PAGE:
The values of sisterhood, scholarship and service were ones that were modeled for elementary education senior and vice president Ellyse Ghoston by her aunts, who were in Delta Sigma Theta as well.

Pre-pharmacy senior Kalisa Williams is the president of Delta
Sigma Theta. Photo courtesy of Kalisa Williams

“I kind of grew up, just watching my aunts all that they did through Delta, and I just knew that that was something that I wanted to be part of,” Ghoston said.


For pre-pharmacy senior Kalisa Williams, the sorority has given her sisters that she never had growing up. Williams, whose family didn’t grow up going to college, didn’t know anything about Greek life until Anderson approached her about joining Delta Sigma Theta.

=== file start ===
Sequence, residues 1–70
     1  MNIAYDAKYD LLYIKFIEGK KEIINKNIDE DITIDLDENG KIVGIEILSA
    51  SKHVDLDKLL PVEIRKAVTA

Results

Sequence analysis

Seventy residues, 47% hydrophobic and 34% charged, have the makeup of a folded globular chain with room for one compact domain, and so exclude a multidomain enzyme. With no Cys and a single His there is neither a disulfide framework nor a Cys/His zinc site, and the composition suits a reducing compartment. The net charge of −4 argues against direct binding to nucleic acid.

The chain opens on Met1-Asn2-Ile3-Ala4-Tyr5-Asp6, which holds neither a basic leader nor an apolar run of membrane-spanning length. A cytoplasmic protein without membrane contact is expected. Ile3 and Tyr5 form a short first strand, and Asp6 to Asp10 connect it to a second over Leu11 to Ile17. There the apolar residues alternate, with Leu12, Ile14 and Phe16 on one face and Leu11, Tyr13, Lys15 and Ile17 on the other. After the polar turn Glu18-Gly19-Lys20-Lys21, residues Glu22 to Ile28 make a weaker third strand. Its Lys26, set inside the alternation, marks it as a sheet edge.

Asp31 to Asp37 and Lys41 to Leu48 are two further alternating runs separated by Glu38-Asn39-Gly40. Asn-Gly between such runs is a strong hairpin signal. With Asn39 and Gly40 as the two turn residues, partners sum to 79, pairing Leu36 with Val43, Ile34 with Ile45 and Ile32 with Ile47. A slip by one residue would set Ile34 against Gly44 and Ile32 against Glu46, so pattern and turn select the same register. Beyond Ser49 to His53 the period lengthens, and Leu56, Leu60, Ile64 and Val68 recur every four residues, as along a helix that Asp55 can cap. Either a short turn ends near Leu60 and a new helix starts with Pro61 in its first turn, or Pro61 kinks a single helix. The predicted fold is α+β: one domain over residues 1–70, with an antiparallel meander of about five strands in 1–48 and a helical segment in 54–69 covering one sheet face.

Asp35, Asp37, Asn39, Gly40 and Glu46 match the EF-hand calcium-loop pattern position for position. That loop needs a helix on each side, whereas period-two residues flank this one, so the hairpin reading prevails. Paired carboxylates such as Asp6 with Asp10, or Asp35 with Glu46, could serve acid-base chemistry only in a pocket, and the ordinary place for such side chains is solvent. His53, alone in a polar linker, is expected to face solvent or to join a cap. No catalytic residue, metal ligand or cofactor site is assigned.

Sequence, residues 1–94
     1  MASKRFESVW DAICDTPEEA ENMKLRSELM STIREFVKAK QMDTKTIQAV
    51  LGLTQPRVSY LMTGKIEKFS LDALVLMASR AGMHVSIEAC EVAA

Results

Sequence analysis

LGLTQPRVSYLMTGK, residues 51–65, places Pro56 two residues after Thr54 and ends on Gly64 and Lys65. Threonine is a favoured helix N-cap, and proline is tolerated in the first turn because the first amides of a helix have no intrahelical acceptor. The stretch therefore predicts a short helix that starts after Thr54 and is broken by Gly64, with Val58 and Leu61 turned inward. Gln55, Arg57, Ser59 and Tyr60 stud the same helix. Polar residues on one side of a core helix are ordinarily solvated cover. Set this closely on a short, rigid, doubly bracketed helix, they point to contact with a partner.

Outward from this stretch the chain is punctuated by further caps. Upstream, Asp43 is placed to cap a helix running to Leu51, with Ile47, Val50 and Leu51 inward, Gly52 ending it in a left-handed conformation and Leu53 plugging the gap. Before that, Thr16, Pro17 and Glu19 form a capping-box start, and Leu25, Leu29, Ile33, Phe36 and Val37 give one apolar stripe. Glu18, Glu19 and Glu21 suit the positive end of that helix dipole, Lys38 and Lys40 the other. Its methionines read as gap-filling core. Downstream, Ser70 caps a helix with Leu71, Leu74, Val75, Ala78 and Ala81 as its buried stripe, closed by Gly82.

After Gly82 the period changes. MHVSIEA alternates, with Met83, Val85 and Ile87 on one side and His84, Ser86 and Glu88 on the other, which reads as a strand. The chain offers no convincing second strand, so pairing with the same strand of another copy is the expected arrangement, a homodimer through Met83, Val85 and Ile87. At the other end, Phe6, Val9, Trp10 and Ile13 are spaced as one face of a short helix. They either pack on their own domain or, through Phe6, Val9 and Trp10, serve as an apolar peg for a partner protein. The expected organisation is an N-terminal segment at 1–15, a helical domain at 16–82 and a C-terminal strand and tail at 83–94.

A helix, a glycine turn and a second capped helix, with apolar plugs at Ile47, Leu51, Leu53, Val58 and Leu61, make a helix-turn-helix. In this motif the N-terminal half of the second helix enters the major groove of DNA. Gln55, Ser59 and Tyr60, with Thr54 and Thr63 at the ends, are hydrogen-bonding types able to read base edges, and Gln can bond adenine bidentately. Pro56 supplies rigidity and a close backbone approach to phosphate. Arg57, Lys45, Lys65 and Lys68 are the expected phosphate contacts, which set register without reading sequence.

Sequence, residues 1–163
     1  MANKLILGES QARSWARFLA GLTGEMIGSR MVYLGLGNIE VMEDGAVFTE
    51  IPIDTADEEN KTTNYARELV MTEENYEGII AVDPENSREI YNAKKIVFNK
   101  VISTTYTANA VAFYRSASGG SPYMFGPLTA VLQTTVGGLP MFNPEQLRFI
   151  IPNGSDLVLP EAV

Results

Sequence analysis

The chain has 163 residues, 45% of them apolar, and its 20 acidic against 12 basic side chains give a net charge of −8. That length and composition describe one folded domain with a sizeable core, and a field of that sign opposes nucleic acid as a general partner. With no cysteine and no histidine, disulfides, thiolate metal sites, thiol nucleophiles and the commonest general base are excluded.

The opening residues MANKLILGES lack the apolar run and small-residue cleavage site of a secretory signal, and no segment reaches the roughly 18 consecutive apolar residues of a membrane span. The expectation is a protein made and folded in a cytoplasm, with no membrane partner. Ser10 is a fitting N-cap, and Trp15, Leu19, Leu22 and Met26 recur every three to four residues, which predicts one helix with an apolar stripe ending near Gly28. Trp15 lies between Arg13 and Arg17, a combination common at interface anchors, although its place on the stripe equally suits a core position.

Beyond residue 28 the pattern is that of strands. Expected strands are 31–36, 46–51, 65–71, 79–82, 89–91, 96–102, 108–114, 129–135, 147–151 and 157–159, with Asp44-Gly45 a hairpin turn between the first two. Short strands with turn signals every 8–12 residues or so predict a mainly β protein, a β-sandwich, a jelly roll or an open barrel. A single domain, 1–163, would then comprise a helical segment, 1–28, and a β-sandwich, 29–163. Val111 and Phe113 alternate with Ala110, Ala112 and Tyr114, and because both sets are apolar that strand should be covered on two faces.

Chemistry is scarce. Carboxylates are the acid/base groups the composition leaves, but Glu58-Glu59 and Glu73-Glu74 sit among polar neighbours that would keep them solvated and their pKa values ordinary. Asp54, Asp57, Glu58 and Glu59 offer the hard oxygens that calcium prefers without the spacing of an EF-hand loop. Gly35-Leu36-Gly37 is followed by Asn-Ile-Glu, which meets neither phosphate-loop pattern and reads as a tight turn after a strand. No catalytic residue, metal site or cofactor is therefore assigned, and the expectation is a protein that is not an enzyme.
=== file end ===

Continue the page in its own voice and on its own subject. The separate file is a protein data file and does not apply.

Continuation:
“Going into this, I did not know anybody, only person that I knew was Adrienne because we had played basketball together,” Williams said. “So it was just literally me and her in the beginning and from then on, once we first met each other, everybody kind of connected on a level that I was like ‘alright, we got this, this my sister.’ And from then on, it’s been great, all the relationships that I have in my sisters is amazing.”

Williams, now the president of the sorority, was unsure of taking on the responsibility at first. She credits her sisters and prophytes for their support as she learned her new position. Prophytes, the Delta alumni, act as mentors to many current Deltas. Mentorship is an important function for the sorority, according to Ghoston and Williams.